Teaching Digital Humanities: Neoliberal logic, class, and social relevance

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O'Sullivan, James
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University of Minnesota Press
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The digital humanities have a class problem. This is not to say that other disciplines are immune from socioeconomic disparities, but that DH is a space in which students, across all stages of education, benefit from access to resources that would not normally be a necessity in the arts and humanities. To succeed in the digital humanities often requires privileged knowledge and resources, access to expensive equipment, software, expertise and training networks that remain beyond the reach of many students and their institutions. Many students do not have access to computers capable of performing substantial analytics, or they attend institutions where licensed platforms commonplace in DH are not provided. Many students do not have access to digital libraries providing readings and datasets, or cannot afford the majority of the field’s major publications, still in print and quite expensive. Many students do not have the resources to attend the field’s many training networks, and many students, in this age of remote learning and working, do not even have sufficient bandwidth to engage with DH through web-based tools and communities. Education is always subject to the dynamics of class, but the humanities before the digital turn were at least a space through which social relations could be challenged, relatively free of the cultural logic and resource requirements that heighten inequalities.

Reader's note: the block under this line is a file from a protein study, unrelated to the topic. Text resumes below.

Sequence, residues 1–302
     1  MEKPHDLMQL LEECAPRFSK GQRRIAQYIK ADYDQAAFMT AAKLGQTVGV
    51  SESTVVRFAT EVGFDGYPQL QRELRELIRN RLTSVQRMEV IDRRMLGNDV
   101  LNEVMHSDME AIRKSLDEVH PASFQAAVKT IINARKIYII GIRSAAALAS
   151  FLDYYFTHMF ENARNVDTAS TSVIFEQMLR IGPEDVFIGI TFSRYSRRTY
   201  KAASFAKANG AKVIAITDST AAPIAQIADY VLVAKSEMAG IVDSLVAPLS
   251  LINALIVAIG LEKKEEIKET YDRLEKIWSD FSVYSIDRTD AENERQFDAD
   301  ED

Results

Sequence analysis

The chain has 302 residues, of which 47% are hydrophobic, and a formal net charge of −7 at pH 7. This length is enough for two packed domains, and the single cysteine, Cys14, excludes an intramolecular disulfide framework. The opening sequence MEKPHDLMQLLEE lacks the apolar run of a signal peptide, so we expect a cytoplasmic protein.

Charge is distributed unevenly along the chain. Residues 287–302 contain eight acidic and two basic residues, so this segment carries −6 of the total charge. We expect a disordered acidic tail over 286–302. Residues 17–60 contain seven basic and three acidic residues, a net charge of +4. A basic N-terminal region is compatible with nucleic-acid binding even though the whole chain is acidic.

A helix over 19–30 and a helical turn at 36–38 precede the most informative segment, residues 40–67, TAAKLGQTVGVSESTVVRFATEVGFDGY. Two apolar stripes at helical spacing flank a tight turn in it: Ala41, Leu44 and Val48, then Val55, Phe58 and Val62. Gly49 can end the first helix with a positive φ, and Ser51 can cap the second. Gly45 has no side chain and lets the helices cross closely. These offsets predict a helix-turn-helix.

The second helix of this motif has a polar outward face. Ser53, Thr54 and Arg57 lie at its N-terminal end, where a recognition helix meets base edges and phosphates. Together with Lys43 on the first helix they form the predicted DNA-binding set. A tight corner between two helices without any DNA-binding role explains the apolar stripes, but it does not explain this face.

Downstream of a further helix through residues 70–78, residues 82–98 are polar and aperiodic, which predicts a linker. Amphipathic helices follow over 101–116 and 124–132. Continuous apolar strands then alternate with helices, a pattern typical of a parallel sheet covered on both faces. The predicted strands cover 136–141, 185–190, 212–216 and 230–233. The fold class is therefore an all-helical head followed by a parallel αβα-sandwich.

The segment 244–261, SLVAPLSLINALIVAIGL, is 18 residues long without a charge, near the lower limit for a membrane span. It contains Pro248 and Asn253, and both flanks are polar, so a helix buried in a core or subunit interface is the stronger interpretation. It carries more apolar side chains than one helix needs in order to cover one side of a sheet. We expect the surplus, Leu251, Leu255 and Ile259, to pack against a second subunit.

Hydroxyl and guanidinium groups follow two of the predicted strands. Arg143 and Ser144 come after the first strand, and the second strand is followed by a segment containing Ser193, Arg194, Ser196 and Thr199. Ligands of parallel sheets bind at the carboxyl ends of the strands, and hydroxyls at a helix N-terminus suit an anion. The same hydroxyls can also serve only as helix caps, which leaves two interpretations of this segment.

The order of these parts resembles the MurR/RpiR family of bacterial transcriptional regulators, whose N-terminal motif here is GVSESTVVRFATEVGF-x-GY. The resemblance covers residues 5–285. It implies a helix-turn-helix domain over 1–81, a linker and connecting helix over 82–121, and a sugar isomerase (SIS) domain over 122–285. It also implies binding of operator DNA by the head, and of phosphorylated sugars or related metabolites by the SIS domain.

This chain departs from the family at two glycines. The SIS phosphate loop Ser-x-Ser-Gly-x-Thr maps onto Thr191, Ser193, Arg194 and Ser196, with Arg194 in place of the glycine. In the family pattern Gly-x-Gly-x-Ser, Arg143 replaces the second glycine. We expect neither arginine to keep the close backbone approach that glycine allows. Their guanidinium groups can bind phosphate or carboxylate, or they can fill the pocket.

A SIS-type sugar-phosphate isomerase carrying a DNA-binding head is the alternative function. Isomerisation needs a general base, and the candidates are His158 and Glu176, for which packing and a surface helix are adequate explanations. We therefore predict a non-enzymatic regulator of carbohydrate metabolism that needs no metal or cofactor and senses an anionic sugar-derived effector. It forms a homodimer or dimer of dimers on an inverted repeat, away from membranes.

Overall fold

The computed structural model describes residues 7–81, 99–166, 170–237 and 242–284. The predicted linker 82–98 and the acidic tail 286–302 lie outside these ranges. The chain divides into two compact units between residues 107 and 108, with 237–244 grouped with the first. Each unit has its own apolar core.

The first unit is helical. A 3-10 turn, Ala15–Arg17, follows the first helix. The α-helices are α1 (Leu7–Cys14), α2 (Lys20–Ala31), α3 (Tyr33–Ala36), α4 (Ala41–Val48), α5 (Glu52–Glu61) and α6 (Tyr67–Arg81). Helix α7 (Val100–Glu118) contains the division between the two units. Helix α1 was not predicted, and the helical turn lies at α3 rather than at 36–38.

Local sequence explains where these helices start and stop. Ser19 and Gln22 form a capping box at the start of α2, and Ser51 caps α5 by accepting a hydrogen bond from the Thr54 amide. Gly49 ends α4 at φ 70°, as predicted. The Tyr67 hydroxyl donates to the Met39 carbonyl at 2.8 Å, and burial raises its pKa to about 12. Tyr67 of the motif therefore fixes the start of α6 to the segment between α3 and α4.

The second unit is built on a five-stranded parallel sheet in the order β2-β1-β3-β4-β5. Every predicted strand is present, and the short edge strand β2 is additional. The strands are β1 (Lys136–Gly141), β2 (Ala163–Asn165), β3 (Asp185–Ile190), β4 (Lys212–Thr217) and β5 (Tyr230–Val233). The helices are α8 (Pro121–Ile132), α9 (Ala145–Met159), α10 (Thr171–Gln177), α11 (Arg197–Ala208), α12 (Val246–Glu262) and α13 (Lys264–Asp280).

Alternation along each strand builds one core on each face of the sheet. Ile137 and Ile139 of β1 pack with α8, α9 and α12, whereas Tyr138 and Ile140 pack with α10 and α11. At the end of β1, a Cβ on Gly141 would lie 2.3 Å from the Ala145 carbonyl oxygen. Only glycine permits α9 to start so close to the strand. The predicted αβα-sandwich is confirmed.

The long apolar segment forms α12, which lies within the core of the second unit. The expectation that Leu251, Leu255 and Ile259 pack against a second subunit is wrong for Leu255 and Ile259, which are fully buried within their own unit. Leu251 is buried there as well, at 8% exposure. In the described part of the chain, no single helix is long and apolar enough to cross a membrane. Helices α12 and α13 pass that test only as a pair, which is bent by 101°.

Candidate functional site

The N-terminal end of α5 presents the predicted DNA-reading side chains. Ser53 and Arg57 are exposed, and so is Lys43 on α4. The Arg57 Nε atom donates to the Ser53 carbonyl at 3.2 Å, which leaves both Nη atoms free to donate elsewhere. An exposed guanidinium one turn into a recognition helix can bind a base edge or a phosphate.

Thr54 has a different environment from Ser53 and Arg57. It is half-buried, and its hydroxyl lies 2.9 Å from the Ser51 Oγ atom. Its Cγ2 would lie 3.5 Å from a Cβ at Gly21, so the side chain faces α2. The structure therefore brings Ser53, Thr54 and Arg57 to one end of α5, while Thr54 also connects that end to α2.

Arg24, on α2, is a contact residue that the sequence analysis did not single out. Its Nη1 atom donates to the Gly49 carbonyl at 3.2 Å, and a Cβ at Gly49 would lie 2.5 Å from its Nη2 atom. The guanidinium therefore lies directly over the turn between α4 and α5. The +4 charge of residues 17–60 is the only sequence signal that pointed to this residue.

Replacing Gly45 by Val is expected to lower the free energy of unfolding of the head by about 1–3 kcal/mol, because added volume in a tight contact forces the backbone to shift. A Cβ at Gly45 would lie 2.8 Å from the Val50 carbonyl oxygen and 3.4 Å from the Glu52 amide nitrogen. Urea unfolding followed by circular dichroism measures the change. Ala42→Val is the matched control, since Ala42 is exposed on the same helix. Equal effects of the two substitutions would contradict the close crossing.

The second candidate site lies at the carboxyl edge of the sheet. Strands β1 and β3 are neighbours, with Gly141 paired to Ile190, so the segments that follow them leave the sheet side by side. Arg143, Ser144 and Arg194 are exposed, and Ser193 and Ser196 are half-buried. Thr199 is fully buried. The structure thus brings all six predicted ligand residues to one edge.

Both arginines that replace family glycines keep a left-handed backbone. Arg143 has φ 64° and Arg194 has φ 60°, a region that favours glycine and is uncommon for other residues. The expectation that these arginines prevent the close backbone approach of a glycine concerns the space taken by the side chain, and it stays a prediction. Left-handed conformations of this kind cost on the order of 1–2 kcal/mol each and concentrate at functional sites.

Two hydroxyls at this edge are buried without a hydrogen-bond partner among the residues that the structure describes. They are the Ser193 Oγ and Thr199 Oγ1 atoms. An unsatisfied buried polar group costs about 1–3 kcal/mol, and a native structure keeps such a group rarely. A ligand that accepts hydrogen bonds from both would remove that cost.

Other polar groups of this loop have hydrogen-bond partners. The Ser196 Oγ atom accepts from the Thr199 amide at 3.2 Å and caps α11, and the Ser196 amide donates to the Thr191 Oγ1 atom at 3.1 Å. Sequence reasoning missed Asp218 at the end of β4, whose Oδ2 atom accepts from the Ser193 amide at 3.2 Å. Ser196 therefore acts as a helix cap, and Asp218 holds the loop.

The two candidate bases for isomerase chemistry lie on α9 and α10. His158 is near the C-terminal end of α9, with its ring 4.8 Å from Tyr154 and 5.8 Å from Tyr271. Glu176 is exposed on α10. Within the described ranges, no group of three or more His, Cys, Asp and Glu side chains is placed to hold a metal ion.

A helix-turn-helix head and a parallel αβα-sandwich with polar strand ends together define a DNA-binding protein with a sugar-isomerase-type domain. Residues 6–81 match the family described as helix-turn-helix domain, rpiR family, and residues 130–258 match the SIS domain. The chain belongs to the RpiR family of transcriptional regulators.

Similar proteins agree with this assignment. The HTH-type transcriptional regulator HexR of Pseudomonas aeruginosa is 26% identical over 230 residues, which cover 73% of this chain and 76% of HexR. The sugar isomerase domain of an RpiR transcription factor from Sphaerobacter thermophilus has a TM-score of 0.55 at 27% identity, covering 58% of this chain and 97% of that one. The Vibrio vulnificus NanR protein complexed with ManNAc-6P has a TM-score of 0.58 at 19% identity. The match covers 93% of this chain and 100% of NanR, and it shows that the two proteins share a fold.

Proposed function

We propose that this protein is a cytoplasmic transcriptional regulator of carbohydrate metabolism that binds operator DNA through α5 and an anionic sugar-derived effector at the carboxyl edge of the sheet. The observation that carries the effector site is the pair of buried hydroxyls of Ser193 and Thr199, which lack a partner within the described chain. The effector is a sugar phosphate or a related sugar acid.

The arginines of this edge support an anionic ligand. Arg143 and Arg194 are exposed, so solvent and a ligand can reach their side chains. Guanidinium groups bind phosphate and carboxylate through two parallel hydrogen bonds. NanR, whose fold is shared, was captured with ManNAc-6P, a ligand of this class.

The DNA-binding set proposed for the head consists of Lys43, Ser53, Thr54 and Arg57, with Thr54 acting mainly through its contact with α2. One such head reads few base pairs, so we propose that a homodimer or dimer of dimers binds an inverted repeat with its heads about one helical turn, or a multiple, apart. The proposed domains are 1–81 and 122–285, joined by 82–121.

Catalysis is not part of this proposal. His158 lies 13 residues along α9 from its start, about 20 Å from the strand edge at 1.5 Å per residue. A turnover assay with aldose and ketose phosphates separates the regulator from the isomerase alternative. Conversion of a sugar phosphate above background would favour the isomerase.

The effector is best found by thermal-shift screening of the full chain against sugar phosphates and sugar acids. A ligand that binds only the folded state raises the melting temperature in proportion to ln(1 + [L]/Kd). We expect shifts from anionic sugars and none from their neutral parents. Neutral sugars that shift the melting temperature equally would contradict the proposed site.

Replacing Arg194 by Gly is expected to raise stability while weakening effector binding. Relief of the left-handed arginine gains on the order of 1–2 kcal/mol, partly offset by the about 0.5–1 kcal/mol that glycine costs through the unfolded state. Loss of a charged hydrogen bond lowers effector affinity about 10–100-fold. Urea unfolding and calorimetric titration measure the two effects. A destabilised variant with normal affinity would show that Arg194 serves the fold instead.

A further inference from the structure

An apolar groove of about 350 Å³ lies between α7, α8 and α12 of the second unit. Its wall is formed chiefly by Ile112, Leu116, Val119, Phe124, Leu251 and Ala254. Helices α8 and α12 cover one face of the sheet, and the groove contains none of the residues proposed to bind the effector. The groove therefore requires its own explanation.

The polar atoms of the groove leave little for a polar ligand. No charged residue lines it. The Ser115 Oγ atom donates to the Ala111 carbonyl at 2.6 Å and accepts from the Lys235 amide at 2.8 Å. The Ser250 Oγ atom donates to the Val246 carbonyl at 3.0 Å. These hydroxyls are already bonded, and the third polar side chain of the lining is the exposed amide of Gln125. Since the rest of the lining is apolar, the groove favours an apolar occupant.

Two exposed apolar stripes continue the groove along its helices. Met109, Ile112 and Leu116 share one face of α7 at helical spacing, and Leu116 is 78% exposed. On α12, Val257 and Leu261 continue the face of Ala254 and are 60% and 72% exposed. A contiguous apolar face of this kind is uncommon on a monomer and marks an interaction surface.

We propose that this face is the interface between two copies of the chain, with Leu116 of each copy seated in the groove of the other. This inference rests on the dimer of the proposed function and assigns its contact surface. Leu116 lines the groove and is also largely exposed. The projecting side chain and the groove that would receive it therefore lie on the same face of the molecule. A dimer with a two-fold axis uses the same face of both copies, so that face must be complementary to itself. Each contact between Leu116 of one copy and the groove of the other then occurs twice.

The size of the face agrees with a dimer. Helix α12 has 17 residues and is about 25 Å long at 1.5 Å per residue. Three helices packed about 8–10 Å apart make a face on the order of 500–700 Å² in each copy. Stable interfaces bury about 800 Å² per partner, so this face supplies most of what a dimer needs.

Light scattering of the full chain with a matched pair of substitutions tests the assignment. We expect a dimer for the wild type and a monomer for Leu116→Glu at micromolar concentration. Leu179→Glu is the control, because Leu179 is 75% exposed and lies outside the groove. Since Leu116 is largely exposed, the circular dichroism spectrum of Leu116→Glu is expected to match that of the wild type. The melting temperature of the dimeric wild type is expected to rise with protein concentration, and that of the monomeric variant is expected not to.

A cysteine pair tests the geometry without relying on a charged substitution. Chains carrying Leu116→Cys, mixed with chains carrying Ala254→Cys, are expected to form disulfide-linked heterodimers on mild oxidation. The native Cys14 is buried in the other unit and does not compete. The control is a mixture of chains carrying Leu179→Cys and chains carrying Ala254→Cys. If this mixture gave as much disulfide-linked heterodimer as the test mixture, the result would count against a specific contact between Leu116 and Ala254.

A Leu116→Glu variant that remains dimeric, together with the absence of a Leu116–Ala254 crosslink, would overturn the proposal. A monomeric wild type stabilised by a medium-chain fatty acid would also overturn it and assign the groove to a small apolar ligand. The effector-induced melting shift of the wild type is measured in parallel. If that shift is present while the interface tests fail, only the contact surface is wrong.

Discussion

Digital humanities , Pedagogy , Teaching , Digital humanities , Neoliberalism
O'Sullivan, J. (2023) 'Teaching Digital Humanities: Neoliberal logic, class, and social relevance', in Croxall, B. and Jakacki, D.K. (eds.) What We Teach When We Teach DH: Digital Humanities in the Classroom. Minneapolis: University of Minnesota Press.
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